Eye Witness holds off Inflation Nation to win the $150K Paradise Creek (NYRA/Coglianese)
By Keith McCalmont – NYRA Press Office
ELMONT, N.Y.— New York-bred Eye Witness, expertly handled by Jose Ortiz, notched a second consecutive open-company stakes score, staving off the late charge of Inflation Nation to capture Saturday’s $150,000 Paradise Creek, a seven-furlong Widener turf sprint for sophomores, at Belmont Park.
Trained by Wesley Ward for owners Westerberg, Mrs. John Magnier, Jonathan Poulin, Derrick Smith and Michael B. Tabor, the City of Light bay rallied to the lead through the driving rain at the top of the lane before digging in gamely to fend off the late bid from a surging Inflation Nation to win by a head.
“Oh, I felt him coming and said, ‘Oh here he is.’ I’m just glad we got there first,” Ortiz said. “I’m thankful for the opportunity from Wesley and the ownership.”
Eye Witness, a debut third in September in a state-bred maiden special weight over the Belmont at the Big A turf, entered from a pair of open-company scores over the Turfway Park synthetic topped by a five-length romp last out in the six-furlong Animal Kingdom on March 25.
Charging was hustled out of the inside post by Manny Franco to set swift splits of 21.76 seconds and 45.03 over the good going with Son of a Birch and Devils Only Friend pressing to his outside.
Inflation Nation, who was last-of-8 under Dylan Davis in the opening strides, was urged up the rail and into contention down the backside to stalk from fourth position to the inside of Eye Witness as Charging continued to dictate terms.
Eye Witness made his bid first, angling wide around the tiring pacesetters late in the turn to get the jump on the ground-saving Inflation Nation. Eye Witness appeared to be home and cooled out with a furlong to run, but Inflation Nation refused to give up and maneuvered into contention to make a late surge in the final strides as Eye Witness stopped the clock in 1:25.32.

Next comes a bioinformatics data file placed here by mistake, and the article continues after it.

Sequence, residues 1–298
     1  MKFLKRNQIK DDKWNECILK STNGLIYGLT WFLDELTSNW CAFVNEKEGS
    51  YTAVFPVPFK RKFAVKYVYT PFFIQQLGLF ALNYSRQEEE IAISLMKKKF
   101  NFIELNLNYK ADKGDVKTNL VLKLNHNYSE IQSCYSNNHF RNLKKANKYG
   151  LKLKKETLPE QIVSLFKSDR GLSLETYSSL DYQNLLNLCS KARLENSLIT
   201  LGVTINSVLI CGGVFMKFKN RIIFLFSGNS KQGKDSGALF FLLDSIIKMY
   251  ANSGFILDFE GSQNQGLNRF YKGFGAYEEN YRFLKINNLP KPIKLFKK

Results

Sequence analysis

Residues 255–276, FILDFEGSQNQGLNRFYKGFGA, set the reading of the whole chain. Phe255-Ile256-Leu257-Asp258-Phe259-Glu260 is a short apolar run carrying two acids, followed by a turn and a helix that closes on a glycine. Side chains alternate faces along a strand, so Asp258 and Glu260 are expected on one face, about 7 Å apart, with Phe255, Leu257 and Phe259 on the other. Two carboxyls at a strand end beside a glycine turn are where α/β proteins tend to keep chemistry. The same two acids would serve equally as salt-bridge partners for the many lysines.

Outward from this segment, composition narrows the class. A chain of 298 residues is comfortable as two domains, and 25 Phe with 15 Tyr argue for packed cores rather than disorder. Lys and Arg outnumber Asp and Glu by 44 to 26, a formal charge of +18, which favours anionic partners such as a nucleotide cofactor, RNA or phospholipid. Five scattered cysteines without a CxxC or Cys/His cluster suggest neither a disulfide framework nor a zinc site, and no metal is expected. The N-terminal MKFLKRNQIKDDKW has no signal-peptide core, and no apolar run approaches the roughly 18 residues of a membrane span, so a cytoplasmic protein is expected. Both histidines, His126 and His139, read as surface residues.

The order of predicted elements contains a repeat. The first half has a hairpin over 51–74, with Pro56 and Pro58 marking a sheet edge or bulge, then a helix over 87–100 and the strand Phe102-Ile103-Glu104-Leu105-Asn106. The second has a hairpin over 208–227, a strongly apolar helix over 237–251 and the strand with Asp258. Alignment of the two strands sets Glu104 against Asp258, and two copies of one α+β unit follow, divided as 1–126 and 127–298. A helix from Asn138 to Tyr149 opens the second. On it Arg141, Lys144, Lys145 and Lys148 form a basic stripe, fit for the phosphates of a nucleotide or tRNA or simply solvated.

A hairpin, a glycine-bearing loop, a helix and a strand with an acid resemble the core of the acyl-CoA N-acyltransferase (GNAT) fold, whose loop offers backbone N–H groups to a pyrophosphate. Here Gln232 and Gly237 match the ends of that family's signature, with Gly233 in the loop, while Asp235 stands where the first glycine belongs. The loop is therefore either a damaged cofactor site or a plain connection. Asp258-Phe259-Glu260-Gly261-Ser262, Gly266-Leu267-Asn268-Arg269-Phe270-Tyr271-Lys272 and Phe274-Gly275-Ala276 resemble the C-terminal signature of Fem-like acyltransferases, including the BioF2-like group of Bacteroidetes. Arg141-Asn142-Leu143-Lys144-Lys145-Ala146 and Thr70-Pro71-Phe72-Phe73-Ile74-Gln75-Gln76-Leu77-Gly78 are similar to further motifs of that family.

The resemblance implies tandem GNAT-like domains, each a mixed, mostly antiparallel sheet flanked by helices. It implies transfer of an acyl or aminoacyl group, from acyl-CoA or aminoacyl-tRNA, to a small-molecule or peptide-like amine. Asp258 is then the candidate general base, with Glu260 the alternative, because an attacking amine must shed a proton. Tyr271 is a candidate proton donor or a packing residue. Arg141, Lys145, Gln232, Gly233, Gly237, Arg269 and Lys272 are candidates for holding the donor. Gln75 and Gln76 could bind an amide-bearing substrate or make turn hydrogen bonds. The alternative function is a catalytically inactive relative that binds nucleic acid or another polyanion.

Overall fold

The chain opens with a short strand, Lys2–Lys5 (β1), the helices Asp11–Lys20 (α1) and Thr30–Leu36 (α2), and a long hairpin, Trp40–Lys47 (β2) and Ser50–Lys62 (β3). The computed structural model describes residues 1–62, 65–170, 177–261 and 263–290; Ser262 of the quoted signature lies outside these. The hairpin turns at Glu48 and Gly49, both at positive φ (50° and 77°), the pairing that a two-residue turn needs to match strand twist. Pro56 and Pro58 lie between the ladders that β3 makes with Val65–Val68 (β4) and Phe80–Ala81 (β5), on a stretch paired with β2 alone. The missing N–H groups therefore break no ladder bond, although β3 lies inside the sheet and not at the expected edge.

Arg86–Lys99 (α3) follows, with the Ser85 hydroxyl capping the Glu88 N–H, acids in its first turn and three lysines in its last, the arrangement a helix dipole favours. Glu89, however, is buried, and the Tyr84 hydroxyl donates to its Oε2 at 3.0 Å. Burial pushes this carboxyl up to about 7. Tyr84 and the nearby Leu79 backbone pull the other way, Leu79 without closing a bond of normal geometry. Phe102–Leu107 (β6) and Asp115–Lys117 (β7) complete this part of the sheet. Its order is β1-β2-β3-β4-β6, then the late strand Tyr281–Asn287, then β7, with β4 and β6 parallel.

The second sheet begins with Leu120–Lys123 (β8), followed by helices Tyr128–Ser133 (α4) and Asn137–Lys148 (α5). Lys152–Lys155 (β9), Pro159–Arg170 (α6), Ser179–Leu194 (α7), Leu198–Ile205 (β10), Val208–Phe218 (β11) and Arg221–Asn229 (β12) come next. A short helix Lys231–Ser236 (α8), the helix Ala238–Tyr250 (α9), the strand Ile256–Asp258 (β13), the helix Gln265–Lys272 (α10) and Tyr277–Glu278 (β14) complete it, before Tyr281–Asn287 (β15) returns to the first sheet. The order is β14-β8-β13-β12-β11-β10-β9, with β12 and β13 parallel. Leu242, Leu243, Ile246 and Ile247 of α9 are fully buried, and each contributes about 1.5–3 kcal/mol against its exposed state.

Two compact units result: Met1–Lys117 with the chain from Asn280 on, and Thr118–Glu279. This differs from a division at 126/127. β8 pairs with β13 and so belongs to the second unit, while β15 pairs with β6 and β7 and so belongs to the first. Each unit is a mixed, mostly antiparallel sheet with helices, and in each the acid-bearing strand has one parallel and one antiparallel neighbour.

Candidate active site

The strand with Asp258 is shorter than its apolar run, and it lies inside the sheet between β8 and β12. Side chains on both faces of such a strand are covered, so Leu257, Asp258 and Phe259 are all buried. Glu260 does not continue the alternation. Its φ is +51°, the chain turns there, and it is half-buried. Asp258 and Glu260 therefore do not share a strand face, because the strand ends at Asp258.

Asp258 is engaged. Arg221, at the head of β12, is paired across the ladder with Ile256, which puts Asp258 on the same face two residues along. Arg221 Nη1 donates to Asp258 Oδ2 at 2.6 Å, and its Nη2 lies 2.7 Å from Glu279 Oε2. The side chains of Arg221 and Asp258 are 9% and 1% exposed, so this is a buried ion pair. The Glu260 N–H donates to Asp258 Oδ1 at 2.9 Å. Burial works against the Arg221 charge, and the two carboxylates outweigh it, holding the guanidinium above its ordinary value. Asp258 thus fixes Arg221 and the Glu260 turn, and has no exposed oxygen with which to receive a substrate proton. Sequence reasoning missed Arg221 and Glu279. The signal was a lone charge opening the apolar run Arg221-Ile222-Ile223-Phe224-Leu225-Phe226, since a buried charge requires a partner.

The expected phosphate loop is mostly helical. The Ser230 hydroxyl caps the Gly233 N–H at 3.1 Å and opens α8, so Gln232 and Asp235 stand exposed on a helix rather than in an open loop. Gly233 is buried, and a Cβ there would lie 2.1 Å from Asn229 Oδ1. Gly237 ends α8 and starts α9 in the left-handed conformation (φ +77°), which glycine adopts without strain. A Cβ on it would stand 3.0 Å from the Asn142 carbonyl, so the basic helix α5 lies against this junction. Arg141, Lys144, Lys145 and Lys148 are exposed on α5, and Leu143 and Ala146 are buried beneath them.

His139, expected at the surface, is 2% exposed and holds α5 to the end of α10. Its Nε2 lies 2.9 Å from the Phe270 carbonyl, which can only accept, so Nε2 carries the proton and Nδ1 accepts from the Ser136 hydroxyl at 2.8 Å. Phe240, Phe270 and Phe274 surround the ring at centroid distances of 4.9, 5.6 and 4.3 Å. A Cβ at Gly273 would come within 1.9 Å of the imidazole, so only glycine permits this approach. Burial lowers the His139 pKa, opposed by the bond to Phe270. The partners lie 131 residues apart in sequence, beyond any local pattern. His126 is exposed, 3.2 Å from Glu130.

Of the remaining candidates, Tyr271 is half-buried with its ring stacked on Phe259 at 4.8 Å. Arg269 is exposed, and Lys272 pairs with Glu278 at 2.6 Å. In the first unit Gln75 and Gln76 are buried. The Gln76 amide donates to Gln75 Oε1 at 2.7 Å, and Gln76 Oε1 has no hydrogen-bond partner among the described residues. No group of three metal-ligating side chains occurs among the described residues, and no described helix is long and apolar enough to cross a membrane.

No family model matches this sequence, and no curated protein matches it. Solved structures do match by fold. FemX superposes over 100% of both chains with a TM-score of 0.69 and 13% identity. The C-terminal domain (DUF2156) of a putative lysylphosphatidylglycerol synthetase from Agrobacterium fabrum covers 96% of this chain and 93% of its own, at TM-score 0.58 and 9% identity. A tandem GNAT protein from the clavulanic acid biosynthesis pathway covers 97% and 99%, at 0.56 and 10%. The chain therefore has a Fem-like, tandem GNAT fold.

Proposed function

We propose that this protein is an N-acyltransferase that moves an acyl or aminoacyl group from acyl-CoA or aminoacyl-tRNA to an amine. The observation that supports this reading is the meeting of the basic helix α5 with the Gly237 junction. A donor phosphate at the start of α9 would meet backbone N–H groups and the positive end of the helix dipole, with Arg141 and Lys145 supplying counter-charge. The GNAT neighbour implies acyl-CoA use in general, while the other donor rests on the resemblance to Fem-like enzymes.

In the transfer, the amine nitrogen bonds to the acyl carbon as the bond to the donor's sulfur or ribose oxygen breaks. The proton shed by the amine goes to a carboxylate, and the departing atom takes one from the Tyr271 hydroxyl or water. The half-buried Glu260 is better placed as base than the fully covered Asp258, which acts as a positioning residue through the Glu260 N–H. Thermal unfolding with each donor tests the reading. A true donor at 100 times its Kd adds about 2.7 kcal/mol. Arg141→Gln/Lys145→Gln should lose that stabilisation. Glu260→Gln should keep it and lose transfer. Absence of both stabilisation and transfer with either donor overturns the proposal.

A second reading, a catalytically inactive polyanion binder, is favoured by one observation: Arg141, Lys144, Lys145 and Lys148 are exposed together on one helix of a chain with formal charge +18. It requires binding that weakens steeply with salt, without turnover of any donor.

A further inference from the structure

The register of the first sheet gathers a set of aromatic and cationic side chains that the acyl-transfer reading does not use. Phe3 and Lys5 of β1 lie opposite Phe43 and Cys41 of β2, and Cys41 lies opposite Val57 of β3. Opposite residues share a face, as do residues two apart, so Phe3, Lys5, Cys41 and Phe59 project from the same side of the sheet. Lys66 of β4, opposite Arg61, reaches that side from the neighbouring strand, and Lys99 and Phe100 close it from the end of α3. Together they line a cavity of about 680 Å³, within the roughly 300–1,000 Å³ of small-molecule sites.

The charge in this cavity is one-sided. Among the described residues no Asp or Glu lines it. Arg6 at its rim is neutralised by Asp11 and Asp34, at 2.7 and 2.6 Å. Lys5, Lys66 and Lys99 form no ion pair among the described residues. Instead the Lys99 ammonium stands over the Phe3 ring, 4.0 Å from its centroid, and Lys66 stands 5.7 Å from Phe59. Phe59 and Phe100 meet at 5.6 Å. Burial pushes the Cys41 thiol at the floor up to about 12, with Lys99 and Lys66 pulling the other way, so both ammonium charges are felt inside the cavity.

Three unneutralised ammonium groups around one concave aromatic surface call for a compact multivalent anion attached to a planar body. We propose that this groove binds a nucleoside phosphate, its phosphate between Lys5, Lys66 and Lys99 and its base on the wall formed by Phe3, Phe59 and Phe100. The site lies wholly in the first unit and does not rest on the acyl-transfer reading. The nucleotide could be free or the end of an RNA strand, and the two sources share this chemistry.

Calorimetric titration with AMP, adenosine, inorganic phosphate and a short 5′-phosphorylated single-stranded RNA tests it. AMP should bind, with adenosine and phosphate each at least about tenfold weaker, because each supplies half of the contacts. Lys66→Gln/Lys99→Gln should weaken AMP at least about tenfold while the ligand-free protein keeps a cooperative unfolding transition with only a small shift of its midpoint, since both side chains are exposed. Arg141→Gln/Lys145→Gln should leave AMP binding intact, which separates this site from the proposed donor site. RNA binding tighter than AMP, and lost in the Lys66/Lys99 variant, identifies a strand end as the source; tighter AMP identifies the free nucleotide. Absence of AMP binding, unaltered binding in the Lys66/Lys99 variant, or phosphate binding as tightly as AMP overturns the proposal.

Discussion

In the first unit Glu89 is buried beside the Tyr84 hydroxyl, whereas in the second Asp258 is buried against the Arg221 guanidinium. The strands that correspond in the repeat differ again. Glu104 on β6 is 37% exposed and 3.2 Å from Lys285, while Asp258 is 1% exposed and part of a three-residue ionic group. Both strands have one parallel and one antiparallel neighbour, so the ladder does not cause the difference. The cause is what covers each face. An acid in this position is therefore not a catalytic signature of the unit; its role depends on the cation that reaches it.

It was a further 5 1/2-lengths back to Vacation Dance in third with Hey Eugene, Joey Freshwater, Son of a Birch, Charging and Devils Only Friend rounding out the order of finish. Golden Nugget was scratched.
Ortiz, who entered the card as the Belmont spring/summer meet’s leading rider, said he felt he had a winning position behind a torrid pace.
“I knew the first quarter was very fast, and those three horses on the lead were almost impossible to get to with that soft ground,” Ortiz said. “From that point on, I was very confident in my horse and I was just worrying about Dylan to the inside of me. But he was following the right horse which was the one horse [No. 1, Charging]. So, I said ‘I’m just going to go around – I feel like I have enough horse to kind of block them and make them wait longer than they wanted to.’ I did, and my horse responded so well when I put him in the clear.”
Ortiz, aboard Eye Witness for the first time in the afternoon, said he was intent on keeping his horse in the clear.
“I didn’t want to take the momentum away from him, and I felt like I probably moved a little sooner than I wanted to, but with the soft ground, sometimes if you stop the momentum, it’s very hard to get it back,” Ortiz said. “I almost paid the price in the end, but I’m just glad we held on.”
The Irish-bred Inflation Nation hit the board in a turf stakes for the third consecutive start under Davis, following a third-place finish in the six-furlong Atlantic Beach in November and a runner-up effort last out in the one-mile Woodhaven – both at the Big A for trainer Christophe Clement.
Davis, who guided Inflation Nation a second-out maiden score over good going in September at Saratoga Race Course, said his horse ran a credible race.
“Once we got to the turn, he got himself gathered and he was on the bridle nicely saving all that ground. I just had to wait my turn to get through,” Davis said. “Once he did come through, he was grinding it out. He was the only one running there at the end. That last sixteenth of a mile I thought he was going to get up, it just didn’t quite go our way. I thought he still ran a great race.”
Bred in the Empire State by Anlyn Farms, Eye Witness banked $82,500 in victory while improving his record to 4-3-0-1. He paid $7.70 for a $2 win ticket. The $650,000 Keeneland September Yearling Sale purchase, a half-brother to stakes-winner More Mischief, is out of the Mr. Greeley mare Gracilia, who is a half-sister to graded-stakes winner and sire Sharp Humor.
Live racing resumes Sunday at Belmont with a nine-race card. First post is 1 p.m. Eastern.